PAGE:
Depression in pregnancy is perhaps less widely talked about as postnatal depression. I suffered from antenatal depression during my second pregnancy, having not fully recovered or been treated from the PND I had with my first daughter. Added to that I was terrified of giving birth again, so I suffered from extreme anxiety about what lay ahead.

Pregnancy is obviously a time of HUGE physical change and many clients come to me in pregnancy because they want to maintain some sort of “control” over their changing bodies. By continuing to exercise they can feel empowered and physically stronger and as a result hopefully suffer less of the nasty pregnancy niggles such as fatigue, poor posture, back ache, weakened pelvic floor muscles and excessive abdominal separation. Exercise also better equips mums for labour and birth. I personally found maintaining my exercise routine during pregnancy helped alleviate the depression. Although it is not a magic cure, it can be hugely beneficial both for your mental health AND physical well-being.

Tips on Exercising to help Ante-natal Depression

  1. Walk as much as you can in pregnancy – it really is one of the best and safest forms of exercise – getting out and about in the fresh air is great at lifting your mood naturally.
  2. Some exercise classes and gym work ARE safe for you to continue taking part in during your pregnancy. If you have been doing classes for a while, you don’t have to stop as soon as you get pregnant! Always tell your instructor you are pregnant though. For more tips on exercising in pregnancy, see our blog on the benefits of exercising in pregnancy and also our online pregnancy programme has details on how to continue to attend your favourite exercise classes but with little tweaks here and there to accommodate your growing bump safely.
  3. A pregnancy Pilates or Yoga class can be very beneficial as both concentrate on the breathing and relaxation techniques which can help you feel more calm and focused. There is also “mindfulness” linked to these forms of exercises where you can “switch off” and be in the moment which has been shown to help alleviate feelings of depression. Plus you get to meet other expectant mums, great if you are feeling a little lonely or isolated in your pregnancy.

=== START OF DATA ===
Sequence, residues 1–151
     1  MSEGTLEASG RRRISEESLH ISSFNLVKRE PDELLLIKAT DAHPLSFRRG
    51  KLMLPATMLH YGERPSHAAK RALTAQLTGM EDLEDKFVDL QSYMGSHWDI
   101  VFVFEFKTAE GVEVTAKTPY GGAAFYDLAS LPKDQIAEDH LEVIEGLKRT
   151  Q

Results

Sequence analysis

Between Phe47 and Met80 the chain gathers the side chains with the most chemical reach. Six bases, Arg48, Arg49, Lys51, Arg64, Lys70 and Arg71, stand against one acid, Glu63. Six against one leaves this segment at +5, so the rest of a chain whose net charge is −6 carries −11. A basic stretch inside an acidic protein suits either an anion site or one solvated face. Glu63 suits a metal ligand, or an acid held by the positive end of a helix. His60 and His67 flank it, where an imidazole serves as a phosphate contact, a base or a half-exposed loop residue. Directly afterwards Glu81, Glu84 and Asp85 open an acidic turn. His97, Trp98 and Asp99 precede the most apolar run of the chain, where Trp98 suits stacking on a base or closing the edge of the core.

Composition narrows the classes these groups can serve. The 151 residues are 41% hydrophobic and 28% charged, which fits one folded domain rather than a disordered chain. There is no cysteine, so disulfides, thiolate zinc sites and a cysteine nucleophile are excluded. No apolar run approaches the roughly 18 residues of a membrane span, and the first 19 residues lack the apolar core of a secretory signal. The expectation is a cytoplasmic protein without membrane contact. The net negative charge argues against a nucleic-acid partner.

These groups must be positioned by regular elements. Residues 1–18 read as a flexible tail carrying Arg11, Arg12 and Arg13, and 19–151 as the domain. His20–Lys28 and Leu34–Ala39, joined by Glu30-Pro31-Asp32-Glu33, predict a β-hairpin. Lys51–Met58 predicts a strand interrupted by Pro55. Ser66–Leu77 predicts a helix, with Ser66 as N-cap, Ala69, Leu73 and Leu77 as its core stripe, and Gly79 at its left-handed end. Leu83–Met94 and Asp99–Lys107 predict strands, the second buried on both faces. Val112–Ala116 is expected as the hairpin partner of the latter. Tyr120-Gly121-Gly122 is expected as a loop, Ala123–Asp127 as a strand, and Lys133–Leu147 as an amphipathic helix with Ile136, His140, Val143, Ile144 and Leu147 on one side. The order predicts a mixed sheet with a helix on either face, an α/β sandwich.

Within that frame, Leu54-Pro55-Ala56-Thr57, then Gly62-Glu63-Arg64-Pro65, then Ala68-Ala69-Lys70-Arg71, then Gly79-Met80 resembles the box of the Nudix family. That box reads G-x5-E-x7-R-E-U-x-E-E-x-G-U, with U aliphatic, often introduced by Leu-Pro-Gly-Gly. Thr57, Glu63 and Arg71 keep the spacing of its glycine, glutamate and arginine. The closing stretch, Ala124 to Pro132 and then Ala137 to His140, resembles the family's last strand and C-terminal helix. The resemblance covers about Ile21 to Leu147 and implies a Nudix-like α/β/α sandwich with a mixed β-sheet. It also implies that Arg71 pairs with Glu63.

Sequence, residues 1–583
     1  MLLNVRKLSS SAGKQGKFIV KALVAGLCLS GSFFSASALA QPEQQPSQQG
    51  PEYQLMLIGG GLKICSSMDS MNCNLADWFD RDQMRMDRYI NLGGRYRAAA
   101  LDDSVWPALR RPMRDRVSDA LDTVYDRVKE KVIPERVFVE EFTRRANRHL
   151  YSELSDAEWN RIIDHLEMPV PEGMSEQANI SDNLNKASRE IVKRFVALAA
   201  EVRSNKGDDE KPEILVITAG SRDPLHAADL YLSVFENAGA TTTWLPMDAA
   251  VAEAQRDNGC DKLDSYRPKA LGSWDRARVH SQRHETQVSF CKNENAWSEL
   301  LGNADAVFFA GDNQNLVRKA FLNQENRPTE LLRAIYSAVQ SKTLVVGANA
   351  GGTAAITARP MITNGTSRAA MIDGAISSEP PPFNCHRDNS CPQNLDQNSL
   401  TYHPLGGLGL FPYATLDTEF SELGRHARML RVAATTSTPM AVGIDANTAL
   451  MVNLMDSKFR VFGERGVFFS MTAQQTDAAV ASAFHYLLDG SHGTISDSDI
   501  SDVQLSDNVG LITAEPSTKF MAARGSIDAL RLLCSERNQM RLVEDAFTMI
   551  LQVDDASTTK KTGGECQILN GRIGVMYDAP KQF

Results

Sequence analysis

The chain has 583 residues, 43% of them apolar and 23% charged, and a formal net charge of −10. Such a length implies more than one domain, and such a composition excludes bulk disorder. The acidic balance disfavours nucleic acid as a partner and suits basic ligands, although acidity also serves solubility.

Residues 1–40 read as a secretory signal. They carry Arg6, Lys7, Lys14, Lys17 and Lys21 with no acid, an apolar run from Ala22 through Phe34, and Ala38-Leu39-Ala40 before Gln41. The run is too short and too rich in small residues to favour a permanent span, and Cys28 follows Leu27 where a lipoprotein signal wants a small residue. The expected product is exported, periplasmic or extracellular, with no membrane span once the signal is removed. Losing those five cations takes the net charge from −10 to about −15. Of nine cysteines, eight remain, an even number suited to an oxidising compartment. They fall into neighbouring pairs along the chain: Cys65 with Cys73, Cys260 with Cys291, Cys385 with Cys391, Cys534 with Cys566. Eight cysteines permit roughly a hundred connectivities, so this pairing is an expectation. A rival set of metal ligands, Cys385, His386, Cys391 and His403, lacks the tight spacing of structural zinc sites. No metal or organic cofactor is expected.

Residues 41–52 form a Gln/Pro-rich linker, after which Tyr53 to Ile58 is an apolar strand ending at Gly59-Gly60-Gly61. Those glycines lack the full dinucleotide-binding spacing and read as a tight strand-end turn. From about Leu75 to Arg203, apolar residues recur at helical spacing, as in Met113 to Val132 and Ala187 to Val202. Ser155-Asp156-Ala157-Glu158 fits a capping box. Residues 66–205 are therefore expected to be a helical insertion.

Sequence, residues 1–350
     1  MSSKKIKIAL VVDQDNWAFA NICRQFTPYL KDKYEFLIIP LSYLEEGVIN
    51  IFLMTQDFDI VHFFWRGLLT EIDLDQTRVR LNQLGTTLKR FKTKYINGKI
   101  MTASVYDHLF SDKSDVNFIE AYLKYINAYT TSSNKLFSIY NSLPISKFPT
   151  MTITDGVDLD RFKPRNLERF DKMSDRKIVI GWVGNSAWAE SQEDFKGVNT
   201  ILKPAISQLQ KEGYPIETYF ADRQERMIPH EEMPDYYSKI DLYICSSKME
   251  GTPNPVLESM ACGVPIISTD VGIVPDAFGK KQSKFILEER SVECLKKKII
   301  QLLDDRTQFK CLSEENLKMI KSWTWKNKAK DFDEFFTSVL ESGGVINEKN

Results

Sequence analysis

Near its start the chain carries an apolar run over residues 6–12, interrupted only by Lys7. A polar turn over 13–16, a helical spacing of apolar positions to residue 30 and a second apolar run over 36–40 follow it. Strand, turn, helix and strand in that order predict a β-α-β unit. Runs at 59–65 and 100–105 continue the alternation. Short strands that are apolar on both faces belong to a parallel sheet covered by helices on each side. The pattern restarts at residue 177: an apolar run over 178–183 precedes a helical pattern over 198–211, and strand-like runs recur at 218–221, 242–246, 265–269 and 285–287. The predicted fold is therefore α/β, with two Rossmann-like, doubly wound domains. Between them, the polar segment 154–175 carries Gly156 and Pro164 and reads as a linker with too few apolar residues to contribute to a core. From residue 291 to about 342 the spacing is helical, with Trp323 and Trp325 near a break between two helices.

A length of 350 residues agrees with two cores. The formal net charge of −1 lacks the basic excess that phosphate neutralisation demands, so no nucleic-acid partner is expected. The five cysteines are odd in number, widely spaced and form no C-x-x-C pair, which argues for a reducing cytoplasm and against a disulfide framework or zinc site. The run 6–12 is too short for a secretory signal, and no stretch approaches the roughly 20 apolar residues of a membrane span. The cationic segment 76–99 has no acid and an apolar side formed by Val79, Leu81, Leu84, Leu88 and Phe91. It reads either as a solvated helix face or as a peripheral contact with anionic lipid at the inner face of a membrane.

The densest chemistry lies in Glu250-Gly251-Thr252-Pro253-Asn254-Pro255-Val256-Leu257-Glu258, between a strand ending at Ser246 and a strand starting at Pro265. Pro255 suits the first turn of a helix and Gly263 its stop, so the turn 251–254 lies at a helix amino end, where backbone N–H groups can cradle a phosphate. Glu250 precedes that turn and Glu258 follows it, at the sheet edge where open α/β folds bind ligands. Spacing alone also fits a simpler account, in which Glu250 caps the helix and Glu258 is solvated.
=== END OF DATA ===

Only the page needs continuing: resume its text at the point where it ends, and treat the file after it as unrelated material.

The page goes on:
4. Try our safe and effective pregnancy Fitness and Pilates programmes – they can be done in your own home/garden or at your gym. It means you can keep up your exercise but secure in the knowledge the exercises you are doing are safe for your stage of pregnancy. We also have lots of great healthy recipes for you to try too.

If you are experiencing depression in pregnancy then please seek the help you need. Speak to your family and friends and your doctor or midwife. You can also contact ante/post natal depression charities/helplines for further advice. If you have experienced a traumatic first birth and you are worried about subsequent births like I was, then counselling can really help. Find a counsellor or organisation that specialises in dealing with these issues.

  • For those Bristol based Bluebell Care is a fabulous charity working with those suffering from depression in pregnancy and postnatally. http://www.bluebellcare.org/ - it also has useful links to other organisations that can help.
  • The Samaritans - http://www.samaritans.org
  • Mind helplines - http://www.mind.org.uk/help/advice_lines